Home / News / India /  OCI cardholders need special permit for 'Tabligh', journalistic activities, says govt

All Overseas Citizens of India or OCI cardholders will need special permission from the central government if they want to be involved in any missionary or 'Tabligh' or journalistic activities in the country, the Home Ministry said on Friday in rules for overseas Indians seeking visas.

The MHA notification stated that those with OCI cards who want to take up these activities will need special permission from the Foreign Regional Registration Office (FRRO).

The ministry said the OCI cardholders will be entitled to get multiple entry lifelong visa for visiting India for any purpose but "required to obtain a special permission or a special permit from the Foreigners Regional Registration Officer or the Indian Mission to undertake research and to undertake any missionary or Tabligh or mountaineering or journalistic activities".

Overseas Indians will also need permission to take up an internship with foreign missions or if they need to visit areas designated as restricted or protected or prohibited as notified by the central government or competent authority.

However, the Union Home Ministry has given a major concession to OCI cardholders by allowing them parity with Indian nationals in the matter of tariffs in airfares in domestic sectors, entry fees for visiting national parks, national monuments and museums in India.

The OCI cardholders have to inform the FRRO if there is a change in address.

As per reports, all the rules were part of the 'brochure' published by it on November 15, 2019, and have now been consolidated and notified.

The Home Ministry said the OCI cardholders will now be exempted from registration with the Foreigners Regional Registration Officer (FRRO) or Foreigners Registration Officer (FRO) for any length of stay in India, but they have to inform the FRRO or FRO concerned whenever there is a change in permanent residential address and in their occupation.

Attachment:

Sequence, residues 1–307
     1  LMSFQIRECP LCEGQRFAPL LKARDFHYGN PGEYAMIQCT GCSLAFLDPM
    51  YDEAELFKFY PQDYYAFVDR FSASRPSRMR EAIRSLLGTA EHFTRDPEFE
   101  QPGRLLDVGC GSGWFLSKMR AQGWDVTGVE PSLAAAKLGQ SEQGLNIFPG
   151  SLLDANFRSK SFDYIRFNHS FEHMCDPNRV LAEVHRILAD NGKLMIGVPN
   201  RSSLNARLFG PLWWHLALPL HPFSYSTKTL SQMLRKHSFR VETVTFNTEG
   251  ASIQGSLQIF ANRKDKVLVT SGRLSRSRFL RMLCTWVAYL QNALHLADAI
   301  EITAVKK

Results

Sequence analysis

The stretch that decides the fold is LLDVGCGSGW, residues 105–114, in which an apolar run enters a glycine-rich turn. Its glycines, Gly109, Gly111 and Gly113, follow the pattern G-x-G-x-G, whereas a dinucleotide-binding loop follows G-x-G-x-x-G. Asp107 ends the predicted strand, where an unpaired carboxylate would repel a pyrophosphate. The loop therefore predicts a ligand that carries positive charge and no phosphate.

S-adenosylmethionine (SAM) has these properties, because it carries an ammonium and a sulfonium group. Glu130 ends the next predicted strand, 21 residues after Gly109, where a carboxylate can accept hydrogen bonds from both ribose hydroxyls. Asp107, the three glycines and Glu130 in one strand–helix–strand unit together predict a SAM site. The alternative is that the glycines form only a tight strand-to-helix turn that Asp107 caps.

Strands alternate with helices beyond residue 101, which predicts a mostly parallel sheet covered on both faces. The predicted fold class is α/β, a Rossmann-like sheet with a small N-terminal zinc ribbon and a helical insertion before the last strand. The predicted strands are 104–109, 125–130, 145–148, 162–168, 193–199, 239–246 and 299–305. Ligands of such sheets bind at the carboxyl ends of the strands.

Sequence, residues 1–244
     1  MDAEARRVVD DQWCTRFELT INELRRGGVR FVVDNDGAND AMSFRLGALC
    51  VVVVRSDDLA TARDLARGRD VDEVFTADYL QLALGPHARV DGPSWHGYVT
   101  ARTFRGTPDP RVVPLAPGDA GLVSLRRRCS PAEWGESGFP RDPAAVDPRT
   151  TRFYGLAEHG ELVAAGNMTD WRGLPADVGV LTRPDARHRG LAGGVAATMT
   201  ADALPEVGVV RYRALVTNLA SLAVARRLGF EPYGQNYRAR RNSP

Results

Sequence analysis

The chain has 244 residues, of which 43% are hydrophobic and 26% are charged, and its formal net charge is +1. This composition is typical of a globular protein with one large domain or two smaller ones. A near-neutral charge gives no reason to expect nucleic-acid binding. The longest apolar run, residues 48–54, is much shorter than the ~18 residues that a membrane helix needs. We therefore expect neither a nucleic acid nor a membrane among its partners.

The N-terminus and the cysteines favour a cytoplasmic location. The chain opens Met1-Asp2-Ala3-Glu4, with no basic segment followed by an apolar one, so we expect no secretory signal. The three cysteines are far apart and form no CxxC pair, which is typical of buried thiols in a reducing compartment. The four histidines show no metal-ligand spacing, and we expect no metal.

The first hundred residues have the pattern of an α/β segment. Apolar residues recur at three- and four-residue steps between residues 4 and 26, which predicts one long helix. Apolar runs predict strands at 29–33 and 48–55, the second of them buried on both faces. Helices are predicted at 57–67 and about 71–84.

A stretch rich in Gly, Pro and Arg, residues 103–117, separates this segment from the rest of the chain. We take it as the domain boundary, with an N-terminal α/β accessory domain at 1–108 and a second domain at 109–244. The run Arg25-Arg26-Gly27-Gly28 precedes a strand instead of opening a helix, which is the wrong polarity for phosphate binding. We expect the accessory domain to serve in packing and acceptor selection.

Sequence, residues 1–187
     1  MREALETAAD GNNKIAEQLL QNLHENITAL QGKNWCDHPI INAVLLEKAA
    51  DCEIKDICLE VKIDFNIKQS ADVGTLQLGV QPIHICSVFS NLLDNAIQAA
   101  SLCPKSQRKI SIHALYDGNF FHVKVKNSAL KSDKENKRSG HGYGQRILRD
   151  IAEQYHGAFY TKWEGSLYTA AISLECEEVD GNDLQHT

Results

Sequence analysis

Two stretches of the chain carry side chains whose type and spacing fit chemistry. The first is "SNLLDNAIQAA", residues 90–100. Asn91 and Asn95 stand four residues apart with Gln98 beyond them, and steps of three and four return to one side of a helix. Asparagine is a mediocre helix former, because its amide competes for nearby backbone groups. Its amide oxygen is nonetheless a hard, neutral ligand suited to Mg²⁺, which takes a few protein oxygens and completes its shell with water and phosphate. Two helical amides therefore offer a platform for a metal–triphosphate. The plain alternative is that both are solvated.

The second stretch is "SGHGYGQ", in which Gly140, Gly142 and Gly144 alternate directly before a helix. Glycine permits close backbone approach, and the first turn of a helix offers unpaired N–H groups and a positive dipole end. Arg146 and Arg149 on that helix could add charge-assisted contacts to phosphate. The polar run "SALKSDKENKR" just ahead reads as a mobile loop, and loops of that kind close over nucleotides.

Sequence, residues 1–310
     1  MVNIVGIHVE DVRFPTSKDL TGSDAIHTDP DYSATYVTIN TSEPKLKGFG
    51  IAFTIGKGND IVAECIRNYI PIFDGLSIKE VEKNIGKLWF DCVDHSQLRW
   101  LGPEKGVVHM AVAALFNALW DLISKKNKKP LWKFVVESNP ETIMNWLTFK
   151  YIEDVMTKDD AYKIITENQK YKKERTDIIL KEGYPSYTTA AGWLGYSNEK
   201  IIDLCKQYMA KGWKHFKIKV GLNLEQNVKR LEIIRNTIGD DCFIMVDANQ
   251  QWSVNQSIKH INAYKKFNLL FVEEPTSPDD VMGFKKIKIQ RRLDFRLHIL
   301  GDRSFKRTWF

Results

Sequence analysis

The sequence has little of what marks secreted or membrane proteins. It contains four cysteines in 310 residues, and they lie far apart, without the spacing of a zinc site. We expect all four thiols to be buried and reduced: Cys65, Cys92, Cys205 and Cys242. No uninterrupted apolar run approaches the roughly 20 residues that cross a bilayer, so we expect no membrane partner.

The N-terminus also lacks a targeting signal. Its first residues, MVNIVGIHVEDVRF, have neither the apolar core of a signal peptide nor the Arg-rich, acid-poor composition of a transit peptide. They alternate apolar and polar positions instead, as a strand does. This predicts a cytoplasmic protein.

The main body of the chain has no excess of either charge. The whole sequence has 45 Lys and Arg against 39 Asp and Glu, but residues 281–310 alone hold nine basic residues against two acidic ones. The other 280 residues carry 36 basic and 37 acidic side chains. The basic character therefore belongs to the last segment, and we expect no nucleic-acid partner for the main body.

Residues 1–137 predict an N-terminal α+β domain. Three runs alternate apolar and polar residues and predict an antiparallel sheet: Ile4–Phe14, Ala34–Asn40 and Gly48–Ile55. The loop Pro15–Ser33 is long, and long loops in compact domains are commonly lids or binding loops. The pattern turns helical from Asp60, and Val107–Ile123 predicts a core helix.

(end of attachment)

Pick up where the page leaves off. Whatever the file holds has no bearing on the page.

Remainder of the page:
The OCI cardholders will now enjoy parity with Indian nationals in the matter of tariffs in airfares in domestic sectors in India, entry fees to be charged for visiting national parks, wildlife sanctuaries, national monuments, historical sites and museums in India.

An OCI cardholder is a foreign national holding a passport of a foreign country and is not a citizen of India.

They will also get parity with Non-Resident Indians in the matter of inter-country adoption of Indian children subject to the compliance of the procedure as laid down by the competent authority, appearing for the all India entrance tests such as National Eligibility cum Entrance Test, Joint Entrance Examination (Mains), or other such tests to make them eligible for admission only against any Non-Resident Indian seat or any supernumerary seat, provided that the OCI cardholder shall not be eligible for admission against any seat reserved exclusively for Indian citizens, the notification read.

The OCI cardholders will get parity in purchase or sale of immovable properties other than agricultural land or farm house or plantation property and pursuing professions like doctors, dentists, nurses and pharmacists in India as per the provisions contained in the applicable relevant statutes or laws.

The Tablighi Jamaat event

In March 2020, when the nationwide lockdown was in force following the coronavirus outbreak, over 2,500 Tablighi Jamaat members found to be residing at the organisation's headquarters in Delhi despite guidelines and orders issued against large congregations of people.

The Tablighi Jamaat was in sharp scrutiny after multiple Covid-19 cases across India were traced to their religious gathering in Delhi.

As many as 233 foreign Tablighi workers were arrested for violations of visa rules and many of them were blacklisted, putting a ban on their future visit to India.

Tablighi Jamaat workers, both foreigners as well Indians, indulge in preaching tours across the country also known as 'Chilla' in which a volunteer of the organisation travels for 120 days to various parts of the country and stay in local mosques where they inform the neighbourhood people about their activities besides holding special prayers.

In December, a Delhi court acquitted 36 foreigners charge-sheeted over the Tablighi Jamaat congregation. The passports of these visitors had been seized.

With agency inputs

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